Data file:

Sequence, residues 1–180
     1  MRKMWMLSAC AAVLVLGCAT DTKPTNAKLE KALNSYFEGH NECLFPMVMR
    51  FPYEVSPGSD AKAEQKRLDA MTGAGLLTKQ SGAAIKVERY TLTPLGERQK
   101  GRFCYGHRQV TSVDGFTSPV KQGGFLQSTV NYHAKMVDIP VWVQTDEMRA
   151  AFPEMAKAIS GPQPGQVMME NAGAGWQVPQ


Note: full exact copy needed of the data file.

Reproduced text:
Sequence, residues 1–180
     1  MRKMWMLSAC AAVLVLGCAT DTKPTNAKLE KALNSYFEGH NECLFPMVMR
    51  FPYEVSPGSD AKAEQKRLDA MTGAGLLTKQ SGAAIKVERY TLTPLGERQK
   101  GRFCYGHRQV TSVDGFTSPV KQGGFLQSTV NYHAKMVDIP VWVQTDEMRA
   151  AFPEMAKAIS GPQPGQVMME NAGAGWQVPQ